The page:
Though there were still an appreciable number of Black waiters through the 1920s, competition with whites increased during the Depression of the 1930s. Then, even native-born whites who had long objected to taking service jobs began to compete successfully, significantly reducing the number of Black waiters.

After World War II, when the economy had improved, dining out for pleasure increased substantially in this country. Black waiters discovered that they were often shut out of waiting jobs in fine restaurants where there was a chance to make good tips. Possibly, though, Black waiters were favored in Southern restaurants such as the elegant Justine’s in Memphis, which hired a strictly Black waitstaff from its beginnings in 1948 until closing in 1995. The restaurant made much of the fact that many of its waiters stayed on the job for many years, yet there were signs of dissatisfaction on their part such as walkouts and complaints about low wages. Many had full-time day jobs.

A 1985 case study found that, unlike immigrants, Black men were not eager to be waiters in low-priced restaurants and that they were not often hired in the better eating places. How much this was due to racist attitudes on the part of managers and/or patrons was not clear. But the study noted that even “when the supply of European waiters fell during the sixties, New York City’s full-service sector did not hire blacks into these relatively high paying jobs, but used artists and actors instead.”

By 1970 Black servers, either male or female, made up only 16% of all waitstaff according to research by Dorothy Sue Cobble (Dishing It Out, 1991).

© Jan Whitaker, 2022

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Filed under racism, restaurant customs, waiters/waitresses/servers

High-volume restaurants: Crook & Duff (etc.)

crook&nashADV1875Luxury restaurants are more likely to become memorialized by time, but often ordinary restaurants have a history that is equally rich and played a more significant role in the everyday functioning of society.

That was certainly true of a restaurant that opened in New York City’s “Newspaper Row” in 1858 under the name of its two proprietors, Crook & Duff. The popular restaurant persisted until at least 1906 under nine different names and with four different addresses. It was considered not only a fine place to eat — “a marvel of gastronomic entertainment” – but also a depot where ideas were exchanged.

crookNYT1874Proprietor John Crook was already an old hand in the restaurant business by 1858, having learned the business from his uncle who ran an eating stand in Fulton Market. Crook then went into business with a brother, and next ran several places on his own before he and theatrical manager John Duff opened a restaurant in the newly constructed New York Times building on Park Row. [Unfortunately no signs for the restaurant are visible in the 1874 photograph shown above.] It was an excellent location since City Hall, the main Post Office, a new court building, and many newspaper and periodical offices were located close by. Journalists and printers especially, with their odd hours and relative freedom to roam the city, were frequent patrons of eating and drinking places such as Crook & Duff, aka Crook, Fox & Duff; Crook, Fox & Nash; Nash & Fuller; Nash & Crook; Nash & Brush; George S. Brush; Brush & Foy; and Foy & Crook.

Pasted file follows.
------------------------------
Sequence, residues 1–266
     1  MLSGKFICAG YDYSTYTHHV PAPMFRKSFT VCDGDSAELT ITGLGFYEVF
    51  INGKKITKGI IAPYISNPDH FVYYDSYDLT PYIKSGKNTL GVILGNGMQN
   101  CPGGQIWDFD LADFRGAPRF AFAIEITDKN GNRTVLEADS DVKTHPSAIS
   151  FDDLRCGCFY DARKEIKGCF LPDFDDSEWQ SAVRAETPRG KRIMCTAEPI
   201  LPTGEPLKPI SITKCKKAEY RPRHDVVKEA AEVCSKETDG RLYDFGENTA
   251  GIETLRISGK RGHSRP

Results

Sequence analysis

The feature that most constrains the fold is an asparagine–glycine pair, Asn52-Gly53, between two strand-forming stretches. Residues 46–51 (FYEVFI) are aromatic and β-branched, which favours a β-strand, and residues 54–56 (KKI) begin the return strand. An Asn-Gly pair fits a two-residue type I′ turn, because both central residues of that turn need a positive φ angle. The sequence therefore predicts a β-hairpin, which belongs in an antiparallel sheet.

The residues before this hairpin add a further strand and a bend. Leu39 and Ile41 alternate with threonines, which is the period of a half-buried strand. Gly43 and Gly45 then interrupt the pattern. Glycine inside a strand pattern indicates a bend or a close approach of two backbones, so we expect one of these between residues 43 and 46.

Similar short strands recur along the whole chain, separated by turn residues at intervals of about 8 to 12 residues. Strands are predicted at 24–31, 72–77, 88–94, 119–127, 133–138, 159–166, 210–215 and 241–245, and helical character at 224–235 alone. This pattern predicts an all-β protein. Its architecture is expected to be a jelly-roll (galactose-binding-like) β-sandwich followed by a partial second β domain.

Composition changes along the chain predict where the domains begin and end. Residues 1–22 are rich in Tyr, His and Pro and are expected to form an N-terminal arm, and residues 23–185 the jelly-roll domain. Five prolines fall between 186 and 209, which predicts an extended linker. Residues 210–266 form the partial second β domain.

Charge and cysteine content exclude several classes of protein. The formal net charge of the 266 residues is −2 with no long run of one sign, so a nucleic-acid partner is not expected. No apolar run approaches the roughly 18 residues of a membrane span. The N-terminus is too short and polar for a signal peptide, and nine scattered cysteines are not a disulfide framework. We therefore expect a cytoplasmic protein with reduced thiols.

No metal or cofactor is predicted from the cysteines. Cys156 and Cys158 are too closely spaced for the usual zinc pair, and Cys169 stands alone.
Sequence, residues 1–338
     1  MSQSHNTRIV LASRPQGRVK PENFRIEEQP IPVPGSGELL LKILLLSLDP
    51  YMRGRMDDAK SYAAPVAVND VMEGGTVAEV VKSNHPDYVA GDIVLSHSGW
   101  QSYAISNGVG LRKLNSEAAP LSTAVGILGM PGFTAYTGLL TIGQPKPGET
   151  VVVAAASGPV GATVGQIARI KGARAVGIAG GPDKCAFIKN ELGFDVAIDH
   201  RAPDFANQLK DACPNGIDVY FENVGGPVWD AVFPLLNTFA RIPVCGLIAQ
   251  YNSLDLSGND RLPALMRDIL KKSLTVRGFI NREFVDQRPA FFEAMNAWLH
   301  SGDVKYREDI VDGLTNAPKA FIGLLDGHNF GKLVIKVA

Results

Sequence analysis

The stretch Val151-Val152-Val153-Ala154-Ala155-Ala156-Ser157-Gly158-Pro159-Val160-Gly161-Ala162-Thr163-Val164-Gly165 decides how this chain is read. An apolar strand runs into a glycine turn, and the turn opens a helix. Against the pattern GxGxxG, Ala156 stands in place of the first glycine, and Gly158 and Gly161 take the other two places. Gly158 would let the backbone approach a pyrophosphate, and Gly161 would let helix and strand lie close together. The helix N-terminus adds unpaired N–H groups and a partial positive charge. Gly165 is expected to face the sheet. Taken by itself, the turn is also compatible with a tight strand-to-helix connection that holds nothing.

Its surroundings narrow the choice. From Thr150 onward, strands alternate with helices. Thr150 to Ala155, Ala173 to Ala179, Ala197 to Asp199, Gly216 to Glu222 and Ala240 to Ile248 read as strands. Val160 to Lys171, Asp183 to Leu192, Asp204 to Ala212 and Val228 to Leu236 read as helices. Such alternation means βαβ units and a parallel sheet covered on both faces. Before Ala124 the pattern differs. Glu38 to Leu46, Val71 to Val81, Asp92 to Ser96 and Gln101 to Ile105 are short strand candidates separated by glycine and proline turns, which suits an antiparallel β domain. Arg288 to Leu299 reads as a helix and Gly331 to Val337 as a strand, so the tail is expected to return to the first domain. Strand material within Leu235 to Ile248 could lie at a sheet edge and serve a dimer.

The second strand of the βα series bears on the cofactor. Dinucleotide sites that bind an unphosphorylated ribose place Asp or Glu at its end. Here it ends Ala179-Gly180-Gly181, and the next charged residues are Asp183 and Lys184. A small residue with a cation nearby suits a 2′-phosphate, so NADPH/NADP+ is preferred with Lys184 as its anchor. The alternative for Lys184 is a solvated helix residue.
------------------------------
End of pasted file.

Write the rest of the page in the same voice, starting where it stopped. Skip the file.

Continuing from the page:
The people of prominence who ate at Crook & Duff and its successors were numerous, many of them lawyers, journalists, business men, and political figures. Feminist publishers of Woodhull & Claflin’s Weekly, Victoria Woodhull and Tennessee “Tennie” Claflin, were frequent patrons in the 1870s – probably eating in a room reserved for ladies (assuming they found  that acceptable). The restaurant was popular with women clerical workers in the 1880s when their numbers were on the increase.

The restaurant remained in the Times building, occupying the basement and much of the first floor for thirty years, while doing business under five different names, the best known and longest lasting being Nash & Crook. In 1888 it moved a short distance to 16 Park Place.

Nash & Crook (etc.) was known for good food, reasonable prices, and fast, expert service. Broiled oysters and corned beef hash were specialties. Fruits and vegetables came from the Oneida Community, a religious commune in upstate New York. The bar did a brisk business in gin slings and brandy smashes, especially during election season.

crook&NashSept51870Serving food from early morning until late at night, the restaurant was a high-volume business, dishing out up to 2,000 mid-day meals daily. In 1870 it claimed to have the largest dining room in the U.S. The lunch counter was 60 feet long. Even so, from noon to 3 p.m. it would often become so crowded that customers would stand and eat from plates in their hands. Many customers were regulars, including men who took all their meals there – and only there – for decades.

Reputedly it was the second restaurant in New York City to hire African-American waiters. During the Civil War draft riots of July 1863 when white mobs attacked Black men, the restaurant sheltered its staff in the basement. Many of the staff from both races were long-term employees. A Black waiter, John Thomas Cooper, worked at the restaurant from 1859 until his death in 1893, becoming a favorite for his sense of humor.

As late as 1927 a letter to the editor of the New York Times mourned the loss of Nash & Crook’s corned-beef hash.

© Jan Whitaker, 2015

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Filed under popular restaurants, proprietors & careers